Solving fraud in banking with trusted digital identities while improving customer convenience
By Roland Fournier, Senior Director, Product & Solutions with HID Global
Banks are seeing growing demand for a more convenient customer experience, across all channels. This is a tall order. Any increase in convenience must be balanced with an increase in security. Biometrics have long provided a reliable means to establish authentication of a true identity. With the latest advances in face recognition, in particular, the technology now enables a premium customer experience while also increasing security across all bank systems and service channels.
Creating trusted interactions
The banking landscape is a patchwork of technology systems, separately assembled and deployed, often by different organizations within each institution. This creates a fragmented experience that frustrates bank customers wanting a simple and trustworthy transaction environment. It also creates many new opportunities for hack attacks and data breaches.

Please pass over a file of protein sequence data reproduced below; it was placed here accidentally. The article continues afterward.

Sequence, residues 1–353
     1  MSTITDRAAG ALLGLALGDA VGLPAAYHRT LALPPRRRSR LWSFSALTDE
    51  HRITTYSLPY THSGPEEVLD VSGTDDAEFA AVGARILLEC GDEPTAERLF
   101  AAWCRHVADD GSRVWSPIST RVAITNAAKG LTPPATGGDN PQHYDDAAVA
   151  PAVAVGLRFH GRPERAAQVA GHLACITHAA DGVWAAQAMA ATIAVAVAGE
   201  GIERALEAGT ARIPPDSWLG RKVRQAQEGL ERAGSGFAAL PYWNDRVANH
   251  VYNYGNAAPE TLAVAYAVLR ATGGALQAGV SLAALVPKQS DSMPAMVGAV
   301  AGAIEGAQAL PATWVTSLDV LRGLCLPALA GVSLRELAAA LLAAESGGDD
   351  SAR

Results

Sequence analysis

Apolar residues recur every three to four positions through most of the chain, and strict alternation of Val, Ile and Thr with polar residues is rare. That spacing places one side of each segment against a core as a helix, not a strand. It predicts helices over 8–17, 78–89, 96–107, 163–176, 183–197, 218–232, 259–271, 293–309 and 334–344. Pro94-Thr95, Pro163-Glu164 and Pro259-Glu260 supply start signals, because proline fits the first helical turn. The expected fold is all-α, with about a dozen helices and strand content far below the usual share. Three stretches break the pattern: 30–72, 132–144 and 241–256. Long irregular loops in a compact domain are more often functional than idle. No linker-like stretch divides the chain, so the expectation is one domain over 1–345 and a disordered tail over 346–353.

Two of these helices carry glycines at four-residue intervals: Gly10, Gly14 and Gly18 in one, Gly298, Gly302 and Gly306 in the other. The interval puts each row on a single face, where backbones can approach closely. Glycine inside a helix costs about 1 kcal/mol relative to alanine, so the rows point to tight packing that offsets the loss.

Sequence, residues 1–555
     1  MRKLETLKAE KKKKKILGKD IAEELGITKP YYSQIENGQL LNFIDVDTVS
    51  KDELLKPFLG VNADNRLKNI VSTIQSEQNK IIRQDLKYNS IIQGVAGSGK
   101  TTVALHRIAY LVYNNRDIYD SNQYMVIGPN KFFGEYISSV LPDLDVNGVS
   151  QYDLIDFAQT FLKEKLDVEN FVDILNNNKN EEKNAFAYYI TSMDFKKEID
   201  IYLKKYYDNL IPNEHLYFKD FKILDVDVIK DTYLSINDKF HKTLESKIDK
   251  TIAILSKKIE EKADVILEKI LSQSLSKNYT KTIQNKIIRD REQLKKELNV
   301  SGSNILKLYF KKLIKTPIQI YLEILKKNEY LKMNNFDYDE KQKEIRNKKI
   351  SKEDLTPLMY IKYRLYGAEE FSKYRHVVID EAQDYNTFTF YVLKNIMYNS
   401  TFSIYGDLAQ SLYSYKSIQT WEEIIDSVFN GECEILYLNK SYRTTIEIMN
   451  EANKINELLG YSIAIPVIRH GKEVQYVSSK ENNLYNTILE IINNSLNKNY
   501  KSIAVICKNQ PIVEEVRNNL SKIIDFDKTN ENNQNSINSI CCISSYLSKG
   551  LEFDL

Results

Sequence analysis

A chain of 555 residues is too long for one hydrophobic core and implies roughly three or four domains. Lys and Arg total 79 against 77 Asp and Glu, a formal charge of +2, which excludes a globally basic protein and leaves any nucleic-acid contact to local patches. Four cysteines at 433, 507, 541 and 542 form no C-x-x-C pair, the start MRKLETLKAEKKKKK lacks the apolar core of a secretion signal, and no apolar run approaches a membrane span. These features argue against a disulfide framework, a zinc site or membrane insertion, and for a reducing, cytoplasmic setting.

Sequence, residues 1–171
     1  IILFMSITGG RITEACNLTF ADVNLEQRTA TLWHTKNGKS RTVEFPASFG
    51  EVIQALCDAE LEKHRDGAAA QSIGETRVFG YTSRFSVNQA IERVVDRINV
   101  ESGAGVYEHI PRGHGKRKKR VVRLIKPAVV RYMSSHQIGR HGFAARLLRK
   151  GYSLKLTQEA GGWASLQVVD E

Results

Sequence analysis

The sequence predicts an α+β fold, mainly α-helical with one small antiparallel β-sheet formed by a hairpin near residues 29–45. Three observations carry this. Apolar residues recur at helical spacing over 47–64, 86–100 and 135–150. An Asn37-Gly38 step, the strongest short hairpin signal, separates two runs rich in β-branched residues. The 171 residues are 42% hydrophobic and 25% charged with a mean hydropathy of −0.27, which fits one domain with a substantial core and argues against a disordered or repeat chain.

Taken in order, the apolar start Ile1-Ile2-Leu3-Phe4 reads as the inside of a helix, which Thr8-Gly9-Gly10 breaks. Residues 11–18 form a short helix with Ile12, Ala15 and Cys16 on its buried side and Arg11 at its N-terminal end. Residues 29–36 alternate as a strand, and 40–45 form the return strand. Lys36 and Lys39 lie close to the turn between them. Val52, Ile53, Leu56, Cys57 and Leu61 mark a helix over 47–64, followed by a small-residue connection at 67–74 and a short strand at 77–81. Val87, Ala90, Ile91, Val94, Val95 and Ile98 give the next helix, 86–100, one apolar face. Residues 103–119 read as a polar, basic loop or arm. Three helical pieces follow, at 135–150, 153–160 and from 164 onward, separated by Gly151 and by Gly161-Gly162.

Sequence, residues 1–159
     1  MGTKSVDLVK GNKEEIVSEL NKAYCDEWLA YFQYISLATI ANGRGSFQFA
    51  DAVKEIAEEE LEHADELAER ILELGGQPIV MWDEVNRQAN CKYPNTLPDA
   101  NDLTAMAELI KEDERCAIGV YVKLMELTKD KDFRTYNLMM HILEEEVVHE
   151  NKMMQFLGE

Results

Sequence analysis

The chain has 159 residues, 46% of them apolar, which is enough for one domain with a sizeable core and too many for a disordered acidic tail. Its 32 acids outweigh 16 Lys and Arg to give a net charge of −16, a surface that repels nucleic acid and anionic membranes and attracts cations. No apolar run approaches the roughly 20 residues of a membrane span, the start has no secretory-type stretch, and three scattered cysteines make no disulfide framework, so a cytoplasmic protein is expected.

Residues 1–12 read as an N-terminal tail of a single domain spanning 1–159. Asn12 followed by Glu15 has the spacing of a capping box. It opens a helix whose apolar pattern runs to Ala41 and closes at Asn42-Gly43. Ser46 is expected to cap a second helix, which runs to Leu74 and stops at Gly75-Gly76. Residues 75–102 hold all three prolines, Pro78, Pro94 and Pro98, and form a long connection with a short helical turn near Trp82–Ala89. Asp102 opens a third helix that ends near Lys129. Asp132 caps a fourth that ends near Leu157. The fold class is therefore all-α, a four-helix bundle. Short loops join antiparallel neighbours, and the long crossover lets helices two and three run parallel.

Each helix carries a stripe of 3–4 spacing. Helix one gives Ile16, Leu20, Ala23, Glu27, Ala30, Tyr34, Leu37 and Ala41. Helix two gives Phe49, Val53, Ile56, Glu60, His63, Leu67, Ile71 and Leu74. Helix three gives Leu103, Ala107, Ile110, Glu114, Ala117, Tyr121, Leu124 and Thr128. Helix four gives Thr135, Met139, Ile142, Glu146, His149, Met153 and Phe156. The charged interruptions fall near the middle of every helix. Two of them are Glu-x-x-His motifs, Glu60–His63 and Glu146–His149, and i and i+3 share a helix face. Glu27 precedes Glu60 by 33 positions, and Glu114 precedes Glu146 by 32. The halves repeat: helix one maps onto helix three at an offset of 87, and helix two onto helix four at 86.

The answer is an integrated multi-channel identity and access platform that improves the user experience, enables mutual trust, meets compliance requirements, reduces complexity, and lowers the total cost of ownership. Biometric authentication plays a critical role in delivering trusted identities for these platforms. Only biometrics can directly confirm a person’s true identity. Biometrics provide the means to unambiguously validate an identity claim, and can achieve this while eliminating the cost, complexity, and vulnerabilities of other identity authentication methods.
How biometrics help reduce fraud in banking
There are two key ways to use biometrics: a) as an authentication factor; and b) to prove people’s claims of “true” identity. It is important to know the difference.
Using biometrics as an authentication factor
Biometrics are effective authentication factors because they are unique to each individual. When people scan their faces to access their smartphones, they are proving they are the ones that match the enrolled template.